$ snap install lxd $ lxd init Would you like to use LXD clustering? (yes/no) no Do you want to configure a new storage pool? yes Name of the new storage pool: default Name of the storage backend to use: zfs Create a new ZFS pool? (yes/no): no Name of the existing ZFS pool or dataset: default Would you like to connect to a MAAS server? no Would you like to create a new local network bridge? yes What should the new bridge be called? lxdbr0 What IPv4 address should be used? auto What IPv6 address should be used? auto Would you like the LXD server available over the network? yes Address to bind LXD to (not including port): all Port to bind LXD to: 8443 Would you like cached images to be updated automatically? yes Would you like a YAML "lxd init" preseed to be printed? no
If you point your browser at the machine’s port 8443 (for from the machine itself; https://localhost:8443) and follow the instructions, you should be able to install the appropriate client certificates to get the GUI working.
$ snap set lxd ui.enable=true $ systemctl reload snap.lxd.daemon
Note I have found the process of installing client certificates in the browser for LXD to, on occasion, be problematic. If you end up with a strange text (JSON) response instead of a web page, you might like to try the following fix which has worked for me;
IF the issue still persists (note, this will destroy any containers you’ve created), try;
$ mkdir lxd-api-access-cert-key-files $ cd lxd-api-access-cert-key-files $ openssl genrsa -out lxd-webui.key 4096 $ openssl req -new -key lxd-webui.key -out lxd-webui.csropenssl x509 -req -days 3650 -in lxd-webui.csr -signkey lxd-webui.key -out lxd-webui.crt $ openssl pkcs12 -keypbe PBE-SHA1-3DES -certpbe PBE-SHA1-3DES -export -in $ lxd-webui.crt -inkey lxd-webui.key -out lxd-webui.pfx -name "LXD WebUI" $ lxc config trust add lxd-webui.crt # Now download the lxd-webui.pfx file. Locally. # Import the file to the browser.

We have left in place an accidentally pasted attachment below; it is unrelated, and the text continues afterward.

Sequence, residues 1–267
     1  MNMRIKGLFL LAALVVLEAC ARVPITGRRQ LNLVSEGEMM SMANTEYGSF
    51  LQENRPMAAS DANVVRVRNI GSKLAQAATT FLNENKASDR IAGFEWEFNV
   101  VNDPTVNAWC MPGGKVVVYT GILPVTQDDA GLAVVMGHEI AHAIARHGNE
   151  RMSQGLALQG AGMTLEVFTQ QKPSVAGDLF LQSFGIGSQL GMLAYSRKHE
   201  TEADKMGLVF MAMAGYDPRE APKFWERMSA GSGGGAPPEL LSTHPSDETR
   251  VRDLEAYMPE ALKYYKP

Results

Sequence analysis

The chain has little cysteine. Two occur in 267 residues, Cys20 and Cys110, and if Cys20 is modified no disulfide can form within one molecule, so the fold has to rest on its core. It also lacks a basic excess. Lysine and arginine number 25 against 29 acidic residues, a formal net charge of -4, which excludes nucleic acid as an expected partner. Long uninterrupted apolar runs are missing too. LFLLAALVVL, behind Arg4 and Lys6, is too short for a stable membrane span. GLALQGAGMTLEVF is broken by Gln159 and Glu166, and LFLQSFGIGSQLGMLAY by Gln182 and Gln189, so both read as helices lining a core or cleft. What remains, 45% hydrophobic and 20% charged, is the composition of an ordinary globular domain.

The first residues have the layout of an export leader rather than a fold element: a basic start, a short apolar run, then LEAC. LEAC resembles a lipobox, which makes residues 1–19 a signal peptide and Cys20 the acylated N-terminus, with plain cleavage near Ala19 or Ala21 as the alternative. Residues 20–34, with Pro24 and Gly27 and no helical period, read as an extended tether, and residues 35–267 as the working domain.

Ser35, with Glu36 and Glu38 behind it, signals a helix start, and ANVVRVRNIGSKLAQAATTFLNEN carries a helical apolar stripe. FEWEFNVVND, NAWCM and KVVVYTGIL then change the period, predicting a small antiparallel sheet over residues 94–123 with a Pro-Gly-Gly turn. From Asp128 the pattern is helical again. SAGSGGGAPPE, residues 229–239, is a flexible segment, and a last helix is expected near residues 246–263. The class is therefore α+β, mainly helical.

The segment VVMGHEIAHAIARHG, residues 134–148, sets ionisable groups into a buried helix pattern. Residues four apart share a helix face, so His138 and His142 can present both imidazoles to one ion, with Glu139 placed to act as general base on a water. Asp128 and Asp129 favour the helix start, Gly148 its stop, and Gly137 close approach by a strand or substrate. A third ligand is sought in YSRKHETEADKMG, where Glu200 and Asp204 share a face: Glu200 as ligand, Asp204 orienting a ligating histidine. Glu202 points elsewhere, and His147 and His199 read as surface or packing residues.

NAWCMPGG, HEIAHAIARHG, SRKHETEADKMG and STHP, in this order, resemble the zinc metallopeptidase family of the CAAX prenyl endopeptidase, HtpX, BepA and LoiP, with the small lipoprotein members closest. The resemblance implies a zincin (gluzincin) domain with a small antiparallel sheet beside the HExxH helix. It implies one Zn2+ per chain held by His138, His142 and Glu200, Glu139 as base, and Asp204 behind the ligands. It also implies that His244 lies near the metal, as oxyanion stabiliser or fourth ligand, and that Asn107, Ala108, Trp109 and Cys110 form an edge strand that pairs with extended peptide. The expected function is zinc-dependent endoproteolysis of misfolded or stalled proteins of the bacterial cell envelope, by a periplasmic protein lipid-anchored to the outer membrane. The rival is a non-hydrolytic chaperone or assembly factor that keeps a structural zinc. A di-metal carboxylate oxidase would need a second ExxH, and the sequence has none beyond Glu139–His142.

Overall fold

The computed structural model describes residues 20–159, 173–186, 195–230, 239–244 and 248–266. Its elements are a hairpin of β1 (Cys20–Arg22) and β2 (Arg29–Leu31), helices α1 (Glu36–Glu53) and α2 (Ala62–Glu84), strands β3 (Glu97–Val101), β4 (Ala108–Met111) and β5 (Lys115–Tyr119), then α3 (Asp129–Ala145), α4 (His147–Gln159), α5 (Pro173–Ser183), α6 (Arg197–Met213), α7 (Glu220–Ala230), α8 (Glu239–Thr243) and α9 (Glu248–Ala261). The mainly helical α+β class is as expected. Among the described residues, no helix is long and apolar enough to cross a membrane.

https://localhost:8443, we should be seeing something like this;
$ snap remove --purge lxd $ snap install lxd # At this point you will need to remove all the ZFS volumes # from **default** because "init" will try to recreate them $ lxd init
So the base image is consuming 617M, but the container itself is only using 10.6M. The useful thing to note is that if we create a second container using the same version of Linux, it can use the same base instance. So whereas the first container consumes 617M + 10.6M of space, the second (and subsequent) will only consume 10.6M of space. (which makes them incredibly space efficient, even before you start to look at de-duplication or compression) Just to prove the point, if I create a second instance;
$ zfs list -r default/images NAME USED AVAIL REFER MOUNT default/images 617M 144G 24K legacy default/images/5c0f660608... 617M 144G 617M legacy $ zfs list -r default/containers NAME USED AVAIL REFER MOUNTPOINT default/containers 21.3M 144G 24K legacy default/containers/zfs1 10.6M 144G 622M legacy
$ zfs list -r default/images NAME USED AVAIL REFER MOUNT default/images 617M 144G 24K legacy default/images/5c0f660608... 617M 144G 617M legacy $ zfs list -r default/containers NAME USED AVAIL REFER MOUNTPOINT default/containers 21.3M 144G 24K legacy default/containers/zfs1 10.6M 144G 622M legacy default/containers/zfs2 10.6M 144G 622M legacy
- One or more host managed storage pools
- Access to ZFS options such as compression, encryption, RAID etc
- Out of the box de-duplication
- Lazy space allocation / re-allocation
- Easy access to snapshots for backing up individual containers
- Fully integrated into LXD’s infrastructure and UI